RG: Here in Venezuela, I really don’t know what to tell you is happening with Venezuelan theater but a good Venezuelan theater surely exists. For example, the youngest creators within my grouping love Venezuelan dramaturgy. In Cuba they discovered a Venezuelan author named Gustavo Ott who fascinates them because he develops problematic themes that are based on the limits of Venezuelan reality and turns them into problems of the human condition, social and universal problems, born of the Venezuelan reality or not…Plus, he’s the one who directs the San Martín theater, which is where we performed last year. But if you ask me what is happening today in Venezuelan theater I must confess that I don’t know what to tell you.
In Cuba there is an attempt to recover and reactivate the spaces for discussion, so that festivals also become spaces to talk, because that practice was last during the 1990’s and 2000’s, very different from what was happening in the 70’s and 80’s. Since then, and up until now, the festivals have been converted into a type of marathon of performances, show upon show with no possibility of interactions. At least the International Meeting of Theater of the ALBA Countries gave us that opportunity. There were moments where we could all meet to talk things over and see the works of others. In Cuba, we are now trying to retake [the spaces lost], fundamentally through the Theatrical May of the House of the Americas which is a very interesting event and in which there are a lot of activities of a theoretical nature, gatherings, etc…
In Cuban theater today I think people are talking about Cuban reality in a number of distinct ways. The theater that was born in the 1960’s that later became the theater of the 70’s and 80’s touched directly on national reality without having to go through the intricacies of preparing a Shakespeare play so as to discuss Cuba. Theater slowly disappeared and we are very few who continue to practice it today. Perhaps now a whole new generation of creative artists will begin from a new perspective to elaborate on that reality.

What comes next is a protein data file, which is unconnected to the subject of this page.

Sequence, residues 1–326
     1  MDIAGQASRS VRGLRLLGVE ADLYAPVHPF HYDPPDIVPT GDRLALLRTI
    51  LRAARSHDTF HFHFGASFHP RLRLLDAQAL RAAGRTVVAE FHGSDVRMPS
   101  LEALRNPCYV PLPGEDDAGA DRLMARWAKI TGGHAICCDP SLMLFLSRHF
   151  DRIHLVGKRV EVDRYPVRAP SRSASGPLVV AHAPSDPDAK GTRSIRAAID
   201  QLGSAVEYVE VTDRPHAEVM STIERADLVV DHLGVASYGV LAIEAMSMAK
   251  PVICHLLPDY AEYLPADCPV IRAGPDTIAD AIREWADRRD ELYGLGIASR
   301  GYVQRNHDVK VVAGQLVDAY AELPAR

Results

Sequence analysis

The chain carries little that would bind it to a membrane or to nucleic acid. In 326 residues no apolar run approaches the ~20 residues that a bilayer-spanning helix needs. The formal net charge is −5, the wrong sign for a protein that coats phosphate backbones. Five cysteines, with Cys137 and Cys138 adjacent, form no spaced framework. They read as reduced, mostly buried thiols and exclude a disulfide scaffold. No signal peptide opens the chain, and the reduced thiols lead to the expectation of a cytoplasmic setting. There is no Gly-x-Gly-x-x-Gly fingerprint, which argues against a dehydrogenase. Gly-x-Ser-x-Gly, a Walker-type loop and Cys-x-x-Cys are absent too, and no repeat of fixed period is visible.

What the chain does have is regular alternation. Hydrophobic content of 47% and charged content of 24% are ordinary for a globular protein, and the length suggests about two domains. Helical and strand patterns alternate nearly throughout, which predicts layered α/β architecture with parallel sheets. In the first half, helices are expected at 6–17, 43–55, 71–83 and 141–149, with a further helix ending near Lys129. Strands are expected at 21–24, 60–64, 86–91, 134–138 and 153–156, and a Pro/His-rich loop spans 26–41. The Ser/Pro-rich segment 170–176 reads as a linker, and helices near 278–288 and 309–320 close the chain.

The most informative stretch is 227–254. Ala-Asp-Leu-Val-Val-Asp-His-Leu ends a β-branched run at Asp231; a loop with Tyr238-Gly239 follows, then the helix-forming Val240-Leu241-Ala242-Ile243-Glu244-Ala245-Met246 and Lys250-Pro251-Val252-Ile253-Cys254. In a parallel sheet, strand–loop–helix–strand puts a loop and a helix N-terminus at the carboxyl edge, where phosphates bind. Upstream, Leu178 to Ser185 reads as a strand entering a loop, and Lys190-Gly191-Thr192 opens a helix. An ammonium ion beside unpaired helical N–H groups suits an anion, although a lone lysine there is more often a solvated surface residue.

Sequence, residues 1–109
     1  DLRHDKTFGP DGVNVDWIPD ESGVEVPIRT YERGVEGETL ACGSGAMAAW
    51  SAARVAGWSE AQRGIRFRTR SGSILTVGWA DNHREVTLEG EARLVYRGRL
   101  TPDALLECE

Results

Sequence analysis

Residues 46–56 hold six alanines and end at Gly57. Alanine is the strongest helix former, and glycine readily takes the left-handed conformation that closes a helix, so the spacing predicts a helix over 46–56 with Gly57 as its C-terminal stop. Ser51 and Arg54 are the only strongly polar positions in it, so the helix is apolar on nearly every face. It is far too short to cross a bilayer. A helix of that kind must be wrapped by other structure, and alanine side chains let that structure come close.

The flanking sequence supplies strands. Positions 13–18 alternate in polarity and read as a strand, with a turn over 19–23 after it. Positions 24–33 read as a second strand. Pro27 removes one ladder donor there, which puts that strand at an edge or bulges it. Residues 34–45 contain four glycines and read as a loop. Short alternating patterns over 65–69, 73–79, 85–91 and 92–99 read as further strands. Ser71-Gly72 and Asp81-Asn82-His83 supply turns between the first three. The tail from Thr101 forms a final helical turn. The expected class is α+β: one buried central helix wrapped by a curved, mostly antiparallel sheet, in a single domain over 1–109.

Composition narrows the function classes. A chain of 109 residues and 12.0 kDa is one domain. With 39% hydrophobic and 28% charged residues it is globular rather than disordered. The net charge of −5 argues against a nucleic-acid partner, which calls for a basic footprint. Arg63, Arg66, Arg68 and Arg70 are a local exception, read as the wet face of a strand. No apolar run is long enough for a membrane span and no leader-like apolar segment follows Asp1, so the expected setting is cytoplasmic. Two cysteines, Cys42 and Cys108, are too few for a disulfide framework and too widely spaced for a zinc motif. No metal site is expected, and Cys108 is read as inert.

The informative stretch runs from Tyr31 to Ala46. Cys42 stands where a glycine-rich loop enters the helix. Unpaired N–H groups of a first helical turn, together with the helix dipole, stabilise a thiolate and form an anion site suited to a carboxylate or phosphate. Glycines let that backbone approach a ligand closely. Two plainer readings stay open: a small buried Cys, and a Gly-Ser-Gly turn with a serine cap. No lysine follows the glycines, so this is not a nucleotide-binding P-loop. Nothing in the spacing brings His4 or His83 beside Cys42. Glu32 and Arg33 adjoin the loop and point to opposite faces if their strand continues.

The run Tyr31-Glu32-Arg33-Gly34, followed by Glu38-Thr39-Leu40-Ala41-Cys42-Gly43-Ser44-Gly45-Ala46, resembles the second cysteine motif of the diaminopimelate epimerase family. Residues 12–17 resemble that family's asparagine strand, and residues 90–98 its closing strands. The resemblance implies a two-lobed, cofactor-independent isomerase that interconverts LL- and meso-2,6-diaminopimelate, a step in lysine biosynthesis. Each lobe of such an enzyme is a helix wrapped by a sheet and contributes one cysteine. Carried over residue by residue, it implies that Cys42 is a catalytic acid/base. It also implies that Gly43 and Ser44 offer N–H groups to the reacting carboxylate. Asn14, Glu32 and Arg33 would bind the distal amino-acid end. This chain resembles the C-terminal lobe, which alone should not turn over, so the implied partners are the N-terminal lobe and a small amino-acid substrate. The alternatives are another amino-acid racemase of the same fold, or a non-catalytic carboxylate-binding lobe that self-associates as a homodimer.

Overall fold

I don’t think that in Cuba the people or writers have stopped discussing Cuban reality but in many cases they do so seeking other paths, looking to avoid discussing reality directly and instead they delve into metaphors, finding similar situations but without producing a direct elaboration on reality. What might occur now is a rejection of a period in which problems of national reality were addressed in a very elementary and crude way, within a scheme of a strongly insulting realism that ends up tiring people out – that wasn’t the case with Escambray, luckily, because if it had been we would not be reaching our 41 years as a theater group. I think that in fact we’ve opened ourselves up to interactions and to the possibility of being influenced by all theatrical currents that have come to pass and that are still to come. We had to make the necessary modifications and adapt to the new socio-cultural contexts of national reality which look nothing like the reality of the 60’s. In fact, we were criticized at one point when people began to say we had involved ourselves in problematic issues that were distant from our campesino [rural] world. We asked ourselves at that time: Don’t people realize that the campesino reality of the Escambray [mountains in Villa Clara province, Cuba] has disappeared? We can not produce a theater of remembrances, of a reality that has died.